Cochise County Sheriff Larry Dever lay dead in the driver’s seat of his wrecked pickup truck, his head turned away from the camera, his body slumped over toward the passenger’s side and his left arm bloody at the elbow.
The scene was captured in a photo taken by government officials in their investigation of the single-vehicle drunk-driving accident that killed Dever in September 2012.
A local online news organization in Cochise County obtained the photo through Arizona’s public records law and published it on its website, along with photos showing the crash scene from a distance and a close up of a half-empty bottle of peppermint schnapps in the truck.
The shock of seeing the respected lawman dead sparked lawmakers to review what kinds of images should be considered public records.
Last year, the media’s records requests for documents and photos depicting the circumstances surrounding the deaths of 19 Granite Mountain Hotshots who were fighting the Yarnell Hill Fire further heightened interest from lawmakers in ensuring that the right to privacy for the families of the deceased is weighed against the public’s right to know.
So Republican Rep. Karen Fann of Prescott sponsored HB2225 this year stating that photos, images, X-rays and recordings of human remains created by a medical examiner cannot be disclosed to the media or the public unless a Superior Court judge reviews and OKs the images first.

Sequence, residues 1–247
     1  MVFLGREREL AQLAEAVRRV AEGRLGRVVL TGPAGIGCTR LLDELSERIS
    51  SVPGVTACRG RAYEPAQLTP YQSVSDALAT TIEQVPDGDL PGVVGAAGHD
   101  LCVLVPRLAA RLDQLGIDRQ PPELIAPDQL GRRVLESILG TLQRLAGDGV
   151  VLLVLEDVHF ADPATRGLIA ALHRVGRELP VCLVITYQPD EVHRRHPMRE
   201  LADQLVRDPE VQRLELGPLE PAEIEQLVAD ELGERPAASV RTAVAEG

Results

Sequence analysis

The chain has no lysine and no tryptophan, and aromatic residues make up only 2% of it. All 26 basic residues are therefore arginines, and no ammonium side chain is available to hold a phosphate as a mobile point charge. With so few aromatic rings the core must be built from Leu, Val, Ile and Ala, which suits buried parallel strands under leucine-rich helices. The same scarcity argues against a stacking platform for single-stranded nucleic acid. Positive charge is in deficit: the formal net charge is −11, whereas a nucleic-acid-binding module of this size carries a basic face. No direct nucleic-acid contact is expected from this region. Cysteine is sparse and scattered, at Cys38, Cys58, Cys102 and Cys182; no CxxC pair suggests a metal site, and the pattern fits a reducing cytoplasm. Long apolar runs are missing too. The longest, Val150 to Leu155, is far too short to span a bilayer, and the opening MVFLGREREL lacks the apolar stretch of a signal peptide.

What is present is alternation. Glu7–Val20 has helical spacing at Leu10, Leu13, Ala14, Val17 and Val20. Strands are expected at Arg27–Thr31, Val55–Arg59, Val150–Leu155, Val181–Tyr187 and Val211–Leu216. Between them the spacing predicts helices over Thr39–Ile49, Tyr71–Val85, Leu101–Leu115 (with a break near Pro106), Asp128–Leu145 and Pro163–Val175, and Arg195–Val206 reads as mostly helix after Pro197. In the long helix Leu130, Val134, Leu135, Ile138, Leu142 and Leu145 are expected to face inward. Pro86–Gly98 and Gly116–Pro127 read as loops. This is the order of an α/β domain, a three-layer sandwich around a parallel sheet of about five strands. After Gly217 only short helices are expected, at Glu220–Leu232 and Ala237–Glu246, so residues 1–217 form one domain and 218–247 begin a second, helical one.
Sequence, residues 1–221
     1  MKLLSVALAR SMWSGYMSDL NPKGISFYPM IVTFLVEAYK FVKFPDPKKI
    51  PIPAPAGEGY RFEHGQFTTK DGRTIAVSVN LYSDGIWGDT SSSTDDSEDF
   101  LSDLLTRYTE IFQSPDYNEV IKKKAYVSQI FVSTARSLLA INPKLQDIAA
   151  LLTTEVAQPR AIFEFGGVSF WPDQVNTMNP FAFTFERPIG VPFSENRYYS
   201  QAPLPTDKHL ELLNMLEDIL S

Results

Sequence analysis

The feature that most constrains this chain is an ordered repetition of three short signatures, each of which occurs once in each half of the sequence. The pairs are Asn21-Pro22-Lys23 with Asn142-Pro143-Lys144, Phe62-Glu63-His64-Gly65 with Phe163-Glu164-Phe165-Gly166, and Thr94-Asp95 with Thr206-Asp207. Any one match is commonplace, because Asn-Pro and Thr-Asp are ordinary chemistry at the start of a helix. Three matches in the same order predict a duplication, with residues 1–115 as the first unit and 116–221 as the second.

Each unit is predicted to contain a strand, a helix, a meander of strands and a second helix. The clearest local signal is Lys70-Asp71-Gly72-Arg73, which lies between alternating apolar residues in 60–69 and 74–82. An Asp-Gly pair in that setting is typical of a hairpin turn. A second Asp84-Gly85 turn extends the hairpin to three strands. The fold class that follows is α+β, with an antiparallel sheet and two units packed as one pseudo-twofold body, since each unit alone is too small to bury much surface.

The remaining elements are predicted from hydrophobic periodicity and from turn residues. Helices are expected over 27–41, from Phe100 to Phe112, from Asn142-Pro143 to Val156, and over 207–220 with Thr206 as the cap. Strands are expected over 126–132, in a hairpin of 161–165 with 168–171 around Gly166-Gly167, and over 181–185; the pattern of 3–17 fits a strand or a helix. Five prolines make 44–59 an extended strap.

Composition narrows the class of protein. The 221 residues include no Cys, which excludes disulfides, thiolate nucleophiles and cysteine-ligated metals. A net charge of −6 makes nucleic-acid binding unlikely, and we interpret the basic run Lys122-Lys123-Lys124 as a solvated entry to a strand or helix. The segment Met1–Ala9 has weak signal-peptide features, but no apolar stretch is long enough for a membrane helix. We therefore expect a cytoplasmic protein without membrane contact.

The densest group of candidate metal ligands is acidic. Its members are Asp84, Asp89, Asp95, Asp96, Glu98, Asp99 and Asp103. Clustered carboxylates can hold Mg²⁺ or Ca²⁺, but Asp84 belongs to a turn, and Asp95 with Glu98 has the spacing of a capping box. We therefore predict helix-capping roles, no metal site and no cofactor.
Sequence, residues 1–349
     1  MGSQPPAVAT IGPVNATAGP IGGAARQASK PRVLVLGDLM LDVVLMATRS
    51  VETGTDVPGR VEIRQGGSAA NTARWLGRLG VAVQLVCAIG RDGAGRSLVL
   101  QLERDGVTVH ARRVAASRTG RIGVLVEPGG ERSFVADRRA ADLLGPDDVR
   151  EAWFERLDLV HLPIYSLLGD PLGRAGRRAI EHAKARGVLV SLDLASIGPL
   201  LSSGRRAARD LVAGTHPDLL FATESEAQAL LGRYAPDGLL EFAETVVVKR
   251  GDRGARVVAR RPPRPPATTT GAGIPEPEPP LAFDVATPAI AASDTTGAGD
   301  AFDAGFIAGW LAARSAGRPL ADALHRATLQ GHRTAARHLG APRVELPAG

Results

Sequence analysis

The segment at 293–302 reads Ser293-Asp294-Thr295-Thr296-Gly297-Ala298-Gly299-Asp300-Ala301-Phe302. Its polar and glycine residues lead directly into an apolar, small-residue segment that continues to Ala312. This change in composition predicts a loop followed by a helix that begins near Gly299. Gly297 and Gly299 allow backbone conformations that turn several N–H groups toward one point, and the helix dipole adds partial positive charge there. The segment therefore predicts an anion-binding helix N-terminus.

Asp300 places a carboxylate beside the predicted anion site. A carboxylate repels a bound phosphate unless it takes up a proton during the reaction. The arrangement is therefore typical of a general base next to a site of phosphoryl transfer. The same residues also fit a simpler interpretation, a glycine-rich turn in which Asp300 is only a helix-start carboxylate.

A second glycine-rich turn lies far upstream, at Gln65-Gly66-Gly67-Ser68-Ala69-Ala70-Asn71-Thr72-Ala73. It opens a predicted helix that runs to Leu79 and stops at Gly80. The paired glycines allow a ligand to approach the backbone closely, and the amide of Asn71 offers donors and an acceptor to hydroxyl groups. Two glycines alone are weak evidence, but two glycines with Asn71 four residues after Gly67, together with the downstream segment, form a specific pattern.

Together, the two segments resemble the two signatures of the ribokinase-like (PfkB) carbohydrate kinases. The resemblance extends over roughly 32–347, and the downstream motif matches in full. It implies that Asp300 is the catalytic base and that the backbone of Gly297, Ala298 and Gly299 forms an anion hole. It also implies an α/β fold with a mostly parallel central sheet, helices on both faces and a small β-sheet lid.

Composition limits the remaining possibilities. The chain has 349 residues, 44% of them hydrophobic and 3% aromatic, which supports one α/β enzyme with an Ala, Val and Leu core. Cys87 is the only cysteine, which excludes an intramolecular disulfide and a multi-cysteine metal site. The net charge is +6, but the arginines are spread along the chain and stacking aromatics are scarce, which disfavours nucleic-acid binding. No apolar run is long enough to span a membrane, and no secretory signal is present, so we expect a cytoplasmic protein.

And while any attempted change to the public records laws in Arizona usually means a fight with the newspaper industry, the Arizona Newspapers Association didn’t oppose HB2225. The House Government Committee approved the bill unanimously on Jan. 28.
Avoiding legal battles
Fann said her primary motivation to sponsor the bill was to ensure county medical examiners, who are like coroners, are not caught in the middle of a legal battle over their records, like the Yavapai County medical examiner was following the Yarnell Hill Fire.
Paula Casey, executive director of the Arizona Newspapers Association, said the measure is a prime example of different stakeholders reaching a consensus on an issue, and the law will only cement in statute what is already the practice. She said the change codifies established case law on how to handle the dissemination of images taken by a medical examiner of dead bodies, and it won’t impede the public or media’s ability to access government records.